White buffalo are sacred to many Native Americans. The Lakota (Sioux) Nation has passed down the legend of the White Buffalo, a story that is approximately 2,000 years old, at many council meetings, sacred ceremonies, and through the tribe’s storytellers. There are several variations, but all are meaningful, and tell of the same outcome … have communication with the Creator through prayer with clear intent for Peace, Harmony and Balance for all life living in the Earth Mother.
The legend of the White Buffalo Calf Woman tells how the People had lost the ability to communicate with the Creator. The Creator sent the sacred White Buffalo Calf Woman to teach the People how to pray with the Pipe. With that Pipe, seven sacred ceremonies were given for the people to abide to ensure a future with harmony, peace, and balance.
Legend says that long ago, two young men were out hunting when from out of nowhere came a beautiful maiden dressed in white buckskin. One of the hunters looked upon her and recognizing her as a wakan, or sacred being, and lowered his eyes. The second hunter approached her with lust in his eyes desiring her for his woman. White Buffalo Calf Woman beckoned the lustful warrior to her, and as he approached a cloud of dust arose around them causing them to be hidden from view. When the dust settled, nothing but a pile of bones lay next to her. As she walked toward the respectful young hunter, she explained to him that she had merely fulfilled the other man’s desire, allowing him, within that brief moment, to live a lifetime, die, and decay.
White Buffalo Calf Woman instructed the young man to go back to the People and tell them to prepare for her arrival to teach them of the way to pray. The young hunter obeyed. When White Buffalo Calf woman arrived with the sacred bundle (the prayer pipe) she taught the People of the seven sacred ways to pray. These prayers are through ceremonies that include: the Sweat Lodge for purification; the Naming Ceremony for child naming; the Healing Ceremony to restore health to the body, mind, and spirit; the adoption ceremony for making of relatives; the marriage ceremony for uniting male and female; the Vision Quest for communing with the Creator for direction and answers to one’s life; and the Sundance Ceremony to pray for the well-being of all the People.
When the teaching of the sacred ways was complete, White Buffalo Calf Woman told the people she would again return for the sacred bundle that she left with them. Before leaving, she told them that within her were the four ages, and that she would look back upon the People in each age, returning at the end of the fourth age, to restore harmony and spirituality to a troubled land. She walked a short distance, she looked back towards the people and sat down. When she arose, they were amazed to see she had become a black buffalo. Walking a little further, the buffalo laid down, this time arising as a yellow buffalo. The third time the buffalo walked a little further and this time arose as a red buffalo. Walking a little further it rolled on the ground and rose one last time as a white buffalo calf signaling the fulfillment of the White Buffalo Calf prophecy.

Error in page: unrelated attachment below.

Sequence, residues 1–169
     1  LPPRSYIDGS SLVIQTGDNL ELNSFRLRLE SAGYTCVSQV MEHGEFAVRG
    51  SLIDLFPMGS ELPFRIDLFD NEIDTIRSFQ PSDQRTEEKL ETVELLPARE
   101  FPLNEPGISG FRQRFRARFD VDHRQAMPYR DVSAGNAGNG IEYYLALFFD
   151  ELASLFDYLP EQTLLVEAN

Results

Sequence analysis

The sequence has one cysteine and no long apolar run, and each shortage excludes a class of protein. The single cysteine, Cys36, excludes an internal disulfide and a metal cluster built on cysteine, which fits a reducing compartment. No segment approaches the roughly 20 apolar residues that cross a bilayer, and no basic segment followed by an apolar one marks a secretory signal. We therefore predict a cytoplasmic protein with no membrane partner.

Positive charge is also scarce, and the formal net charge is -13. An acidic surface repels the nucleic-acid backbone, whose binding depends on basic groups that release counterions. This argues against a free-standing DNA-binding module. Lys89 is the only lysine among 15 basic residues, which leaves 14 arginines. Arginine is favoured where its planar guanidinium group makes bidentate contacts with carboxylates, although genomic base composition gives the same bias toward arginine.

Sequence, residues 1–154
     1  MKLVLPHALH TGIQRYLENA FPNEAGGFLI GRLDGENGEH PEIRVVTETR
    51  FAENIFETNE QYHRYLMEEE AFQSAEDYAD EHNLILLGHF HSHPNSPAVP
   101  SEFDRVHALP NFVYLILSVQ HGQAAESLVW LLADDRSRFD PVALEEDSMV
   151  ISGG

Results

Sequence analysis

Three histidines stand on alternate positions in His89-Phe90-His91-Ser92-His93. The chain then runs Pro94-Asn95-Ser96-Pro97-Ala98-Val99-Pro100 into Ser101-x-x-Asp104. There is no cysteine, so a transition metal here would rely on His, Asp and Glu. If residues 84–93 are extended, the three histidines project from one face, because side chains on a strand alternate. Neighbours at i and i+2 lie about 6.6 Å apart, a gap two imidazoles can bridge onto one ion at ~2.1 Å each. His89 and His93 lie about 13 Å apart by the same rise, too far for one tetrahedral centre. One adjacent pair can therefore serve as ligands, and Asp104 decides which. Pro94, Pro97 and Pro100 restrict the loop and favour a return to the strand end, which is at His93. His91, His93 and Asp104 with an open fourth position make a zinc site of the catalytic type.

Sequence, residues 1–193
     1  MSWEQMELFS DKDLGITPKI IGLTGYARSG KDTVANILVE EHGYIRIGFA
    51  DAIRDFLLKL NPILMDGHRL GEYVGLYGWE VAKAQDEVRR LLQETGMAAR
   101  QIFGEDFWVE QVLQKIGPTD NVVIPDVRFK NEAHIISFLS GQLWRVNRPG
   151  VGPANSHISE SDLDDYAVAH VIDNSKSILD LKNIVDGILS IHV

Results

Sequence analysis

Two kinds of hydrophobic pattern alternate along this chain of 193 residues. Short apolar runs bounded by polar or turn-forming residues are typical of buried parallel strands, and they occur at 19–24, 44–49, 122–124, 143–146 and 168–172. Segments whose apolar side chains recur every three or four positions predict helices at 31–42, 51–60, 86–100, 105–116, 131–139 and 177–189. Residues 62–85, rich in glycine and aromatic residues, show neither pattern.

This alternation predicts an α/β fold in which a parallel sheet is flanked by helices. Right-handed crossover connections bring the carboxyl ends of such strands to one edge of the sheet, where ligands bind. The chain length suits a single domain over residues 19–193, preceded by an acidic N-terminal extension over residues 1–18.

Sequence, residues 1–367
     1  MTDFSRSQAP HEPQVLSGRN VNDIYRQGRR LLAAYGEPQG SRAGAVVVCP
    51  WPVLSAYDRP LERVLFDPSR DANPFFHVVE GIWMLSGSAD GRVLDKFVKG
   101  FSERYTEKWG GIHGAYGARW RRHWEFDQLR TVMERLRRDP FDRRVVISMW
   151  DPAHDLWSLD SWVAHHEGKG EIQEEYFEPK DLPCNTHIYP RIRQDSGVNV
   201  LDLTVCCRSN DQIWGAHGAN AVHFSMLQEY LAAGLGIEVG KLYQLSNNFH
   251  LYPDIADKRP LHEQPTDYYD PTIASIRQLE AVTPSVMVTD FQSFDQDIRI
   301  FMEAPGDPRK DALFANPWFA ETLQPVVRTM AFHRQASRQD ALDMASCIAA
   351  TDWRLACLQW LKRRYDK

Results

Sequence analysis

The changing of the four colors of the White Buffalo Calf Woman represents the four colors of man–white, yellow, red and black. These colors also represent the four directions, north, east, south and west. The sacred bundle that was left to the Lakota people is still with the People in a sacred place on the Cheyenne River Indian reservation in South Dakota. It is kept by a man known as the Keeper of the White Buffalo Calf Pipe, Arvol Looking Horse.
In today’s world of confusion and war, many of us are looking for signs of peace.
“With the return of the White Buffalo it is a sign that prayers are being heard, that the sacred pipe is being honored, and that the promises of prophecy are being fulfilled. White Buffalo signals a time of abundance and plenty.”
Further notes regarding Native American Spirituality:
Native American religions are the spiritual practices of the indigenous peoples of the Americas.
Traditional Native American ceremonial ways can vary widely and are based on the differing histories and beliefs of individual tribes, clans, and bands. Early European explorers describe individual Native American tribes, and even small bands, as each having their own religious practices.
Theology may be monotheistic, polytheistic, henotheistic, animistic, shamanistic, pantheistic or any combination thereof. Traditional beliefs are usually passed down in the forms of oral histories, stories, allegories, and principles, and rely on face to face teaching in one’s family and community.